"There aren't many things left worth fighting for in this world. Art is one of them." - FoM
In his 2008 memoir, Hallelujah Junction, John Adams devotes an entire chapter to his opera The Death of Klinghoffer, which he completed in 1991 just six years following the event on which it's based: the hijacking of the Italian cruise liner Achille Lauro and the murder of retired American businessman Leon Klinghoffer. Adams writes:
"I knew that this subject would inevitably be a hot potato and likely draw us into any number of heated controversies with all sides of the Middle East conflict. But I found myself instantly drawn to the story, principally because the murder of this man, Leon Klinghoffer, possessed a strange, almost biblical feeling. On the one hand...it had the nervous, highly charged immediacy of a fast-moving media event. On the other, the man's murder, played out against a background of impassioned claims of Jews and Palestinians alike, touched a nerve that went deep into the body politic of our lives as comfortable, self-satisfied Americans."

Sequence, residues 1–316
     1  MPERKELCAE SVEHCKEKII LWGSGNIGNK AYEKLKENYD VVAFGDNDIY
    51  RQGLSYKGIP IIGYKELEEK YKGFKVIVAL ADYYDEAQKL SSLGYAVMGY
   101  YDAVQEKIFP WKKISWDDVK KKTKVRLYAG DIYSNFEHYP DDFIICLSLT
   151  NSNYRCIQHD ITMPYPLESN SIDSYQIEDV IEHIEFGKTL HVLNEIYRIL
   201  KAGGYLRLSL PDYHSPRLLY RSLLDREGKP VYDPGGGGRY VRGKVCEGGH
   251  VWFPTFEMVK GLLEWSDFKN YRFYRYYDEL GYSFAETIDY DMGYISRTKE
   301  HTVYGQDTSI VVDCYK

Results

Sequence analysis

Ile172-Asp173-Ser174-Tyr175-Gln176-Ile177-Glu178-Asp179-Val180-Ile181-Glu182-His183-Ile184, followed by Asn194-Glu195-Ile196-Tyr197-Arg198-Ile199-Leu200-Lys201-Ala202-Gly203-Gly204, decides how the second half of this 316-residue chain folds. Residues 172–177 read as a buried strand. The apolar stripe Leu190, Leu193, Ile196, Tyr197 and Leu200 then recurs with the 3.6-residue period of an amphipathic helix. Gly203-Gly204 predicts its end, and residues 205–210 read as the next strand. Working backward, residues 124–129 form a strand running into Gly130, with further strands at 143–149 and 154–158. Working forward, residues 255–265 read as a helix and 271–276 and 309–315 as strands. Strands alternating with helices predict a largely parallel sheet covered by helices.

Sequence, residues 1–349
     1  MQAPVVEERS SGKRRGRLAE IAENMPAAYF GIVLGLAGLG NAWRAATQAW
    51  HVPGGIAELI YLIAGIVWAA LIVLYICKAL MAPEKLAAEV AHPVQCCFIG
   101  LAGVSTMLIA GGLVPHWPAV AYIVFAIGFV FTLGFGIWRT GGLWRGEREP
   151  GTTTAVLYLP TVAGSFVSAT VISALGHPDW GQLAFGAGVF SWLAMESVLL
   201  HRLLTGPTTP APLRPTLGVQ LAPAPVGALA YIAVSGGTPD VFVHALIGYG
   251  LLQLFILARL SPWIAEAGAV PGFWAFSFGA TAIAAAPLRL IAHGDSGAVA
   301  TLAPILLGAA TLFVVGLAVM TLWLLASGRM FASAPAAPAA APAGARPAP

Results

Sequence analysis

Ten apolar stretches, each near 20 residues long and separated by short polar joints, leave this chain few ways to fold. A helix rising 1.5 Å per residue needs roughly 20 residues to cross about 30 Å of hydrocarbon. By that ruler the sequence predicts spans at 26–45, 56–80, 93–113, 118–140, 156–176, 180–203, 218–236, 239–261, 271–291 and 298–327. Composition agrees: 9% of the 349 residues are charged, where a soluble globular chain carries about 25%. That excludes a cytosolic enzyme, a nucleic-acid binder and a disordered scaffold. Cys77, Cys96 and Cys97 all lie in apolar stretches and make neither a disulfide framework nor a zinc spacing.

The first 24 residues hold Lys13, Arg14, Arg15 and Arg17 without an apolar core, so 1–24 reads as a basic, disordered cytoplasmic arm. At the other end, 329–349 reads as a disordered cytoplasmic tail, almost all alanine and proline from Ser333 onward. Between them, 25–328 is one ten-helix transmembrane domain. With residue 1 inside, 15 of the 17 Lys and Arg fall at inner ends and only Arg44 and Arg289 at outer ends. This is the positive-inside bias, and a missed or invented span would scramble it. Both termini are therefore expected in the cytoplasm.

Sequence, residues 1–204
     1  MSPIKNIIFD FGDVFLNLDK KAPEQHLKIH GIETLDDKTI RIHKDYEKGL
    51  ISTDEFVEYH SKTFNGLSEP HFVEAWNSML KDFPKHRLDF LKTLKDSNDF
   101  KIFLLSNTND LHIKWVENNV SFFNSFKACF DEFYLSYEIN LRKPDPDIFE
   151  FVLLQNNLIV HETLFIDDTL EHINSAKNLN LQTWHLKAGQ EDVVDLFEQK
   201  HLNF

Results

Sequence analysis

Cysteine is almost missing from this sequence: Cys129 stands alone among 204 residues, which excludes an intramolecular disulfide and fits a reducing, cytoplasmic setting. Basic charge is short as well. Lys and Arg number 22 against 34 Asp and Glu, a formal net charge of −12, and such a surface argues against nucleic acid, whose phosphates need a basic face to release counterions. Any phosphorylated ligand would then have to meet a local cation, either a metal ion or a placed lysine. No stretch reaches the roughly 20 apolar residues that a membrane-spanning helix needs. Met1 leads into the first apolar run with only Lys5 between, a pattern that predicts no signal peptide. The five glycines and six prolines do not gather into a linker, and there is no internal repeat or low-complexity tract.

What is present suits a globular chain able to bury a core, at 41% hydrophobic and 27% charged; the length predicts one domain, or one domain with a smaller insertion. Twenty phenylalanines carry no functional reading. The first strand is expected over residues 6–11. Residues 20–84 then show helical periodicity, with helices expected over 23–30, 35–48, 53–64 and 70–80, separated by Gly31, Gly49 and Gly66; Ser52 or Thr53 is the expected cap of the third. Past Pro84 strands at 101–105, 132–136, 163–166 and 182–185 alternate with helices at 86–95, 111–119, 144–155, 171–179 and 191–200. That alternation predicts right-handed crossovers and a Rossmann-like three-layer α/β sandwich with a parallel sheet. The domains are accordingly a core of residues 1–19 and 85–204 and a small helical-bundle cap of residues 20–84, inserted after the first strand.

Adams makes no attempt to mask his view that the Palestinian cause has been under and/or misrepresented in this country, where any debate over Israel's treatment of the Palestinians over the past 60 years is often "short-circuited by charges of anti-Semitism." At the same time, Adams embraces the "unique moral status" granted to Jews by virtue of their millenia-long suffering and courage, particularly in the last century.
Point being: while Adams insists that he and librettist Alice Goodman made no deliberate attempt to be evenhanded in their approach, both sides get their due in this opera. Which has in itself proven sufficient to spark repeated outrage in the American-Jewish community at staged and concert performances of Klinghoffer over the past 23 years. In a special note inserted into the Met program, Leon Klinghoffer's daughters Lisa and Ilsa write:
"The Death of Klinghoffer presents false moral equivalencies without context and offers no real insight into the historical reality and the senseless murder of an American Jew...Terrorism cannot be rationalized. It cannot be understood. It can never be tolerated as a vehicle for political expression or grievance. Unfortunately, The Death of Klinghoffer does all this..."